While this topic started about tipping it also reflects what politics, policy, and legislation have done to damage the workers rights and this has led to the demand by workers for tips to help cover their needs.
No Centrelink do not always pick up the tab. There is a large under employed workforce that receive no Centrelink support for a number of reasons including parental income or assets, & income too high for receipt of benefits but still lower than the poverty rate. And the rate of income in Australia to put someone into the poverty region here (relative poverty) is different to what it is in the States.
Comparison with pay rates in the USA is perhaps not the best way to interpret what is fair or right. Many there are also below what would be considered fair rates of pay and it requires people to work extreme hours just to survive (and not very well at that). Do we want that system? Trickle Down economics among a number of other US policies is shown to be a failure.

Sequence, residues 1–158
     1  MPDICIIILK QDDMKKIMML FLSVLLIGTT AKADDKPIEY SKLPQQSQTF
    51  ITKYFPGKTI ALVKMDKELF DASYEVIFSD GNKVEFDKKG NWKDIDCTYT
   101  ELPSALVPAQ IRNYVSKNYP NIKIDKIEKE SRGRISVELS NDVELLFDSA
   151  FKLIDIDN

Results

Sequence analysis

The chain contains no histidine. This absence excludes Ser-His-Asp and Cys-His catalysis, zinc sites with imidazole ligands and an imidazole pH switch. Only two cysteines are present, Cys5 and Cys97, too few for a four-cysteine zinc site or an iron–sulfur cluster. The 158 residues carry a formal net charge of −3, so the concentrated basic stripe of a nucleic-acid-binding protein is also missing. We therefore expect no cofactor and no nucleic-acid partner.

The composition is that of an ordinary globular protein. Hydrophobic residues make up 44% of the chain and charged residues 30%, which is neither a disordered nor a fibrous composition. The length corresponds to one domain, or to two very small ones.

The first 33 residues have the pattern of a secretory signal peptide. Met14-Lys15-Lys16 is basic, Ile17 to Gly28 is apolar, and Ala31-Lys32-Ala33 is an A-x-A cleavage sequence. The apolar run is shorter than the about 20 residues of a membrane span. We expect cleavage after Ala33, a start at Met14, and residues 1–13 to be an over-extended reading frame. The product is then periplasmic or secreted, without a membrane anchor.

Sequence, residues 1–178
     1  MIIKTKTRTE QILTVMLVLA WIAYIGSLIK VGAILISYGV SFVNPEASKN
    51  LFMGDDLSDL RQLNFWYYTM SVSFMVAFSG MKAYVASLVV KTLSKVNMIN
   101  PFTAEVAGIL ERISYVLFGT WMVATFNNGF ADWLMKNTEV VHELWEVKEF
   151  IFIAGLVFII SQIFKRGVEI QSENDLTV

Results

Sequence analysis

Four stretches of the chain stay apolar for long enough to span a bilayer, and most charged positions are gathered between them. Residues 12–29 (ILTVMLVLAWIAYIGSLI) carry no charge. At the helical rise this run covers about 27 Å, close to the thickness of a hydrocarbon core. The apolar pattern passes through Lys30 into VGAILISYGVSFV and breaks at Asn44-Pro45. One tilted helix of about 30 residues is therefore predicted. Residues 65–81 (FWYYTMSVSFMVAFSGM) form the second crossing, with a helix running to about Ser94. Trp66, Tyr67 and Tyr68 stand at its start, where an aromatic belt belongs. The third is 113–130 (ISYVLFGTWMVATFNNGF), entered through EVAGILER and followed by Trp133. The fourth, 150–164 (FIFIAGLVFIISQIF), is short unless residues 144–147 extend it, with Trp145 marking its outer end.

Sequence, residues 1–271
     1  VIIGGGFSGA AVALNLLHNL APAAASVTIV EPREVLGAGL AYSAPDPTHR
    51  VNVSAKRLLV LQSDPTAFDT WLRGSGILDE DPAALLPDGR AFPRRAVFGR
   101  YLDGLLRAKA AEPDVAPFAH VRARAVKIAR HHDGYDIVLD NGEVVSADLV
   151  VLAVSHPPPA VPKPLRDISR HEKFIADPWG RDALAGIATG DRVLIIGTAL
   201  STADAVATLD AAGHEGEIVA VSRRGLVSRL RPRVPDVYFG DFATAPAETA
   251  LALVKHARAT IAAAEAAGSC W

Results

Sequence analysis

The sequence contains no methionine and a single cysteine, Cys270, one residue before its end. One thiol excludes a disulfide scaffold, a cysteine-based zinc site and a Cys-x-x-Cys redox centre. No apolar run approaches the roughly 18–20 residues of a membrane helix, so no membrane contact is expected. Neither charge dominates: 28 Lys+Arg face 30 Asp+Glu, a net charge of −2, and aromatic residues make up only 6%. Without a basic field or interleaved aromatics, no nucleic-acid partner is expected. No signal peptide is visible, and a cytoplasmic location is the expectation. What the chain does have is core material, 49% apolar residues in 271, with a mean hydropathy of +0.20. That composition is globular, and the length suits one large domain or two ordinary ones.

As @TheBBG states the Governments over a long time have destroyed what we used to consider fair pay for fair work. Some of the signs of that failure to address the off kilter policies is increased casualisation of the workforce, unfair rates and rights of employment, homelessness, debt stress and many other socio economic concerns. If workers were given fair pay then they would pay more tax, spend more thus increasing profitability of businesses, invest more, improve the superannuation savings, likely not require or demand tipping, and it would also help reduce the burden on Government paid benefits for all sectors including Age Pension.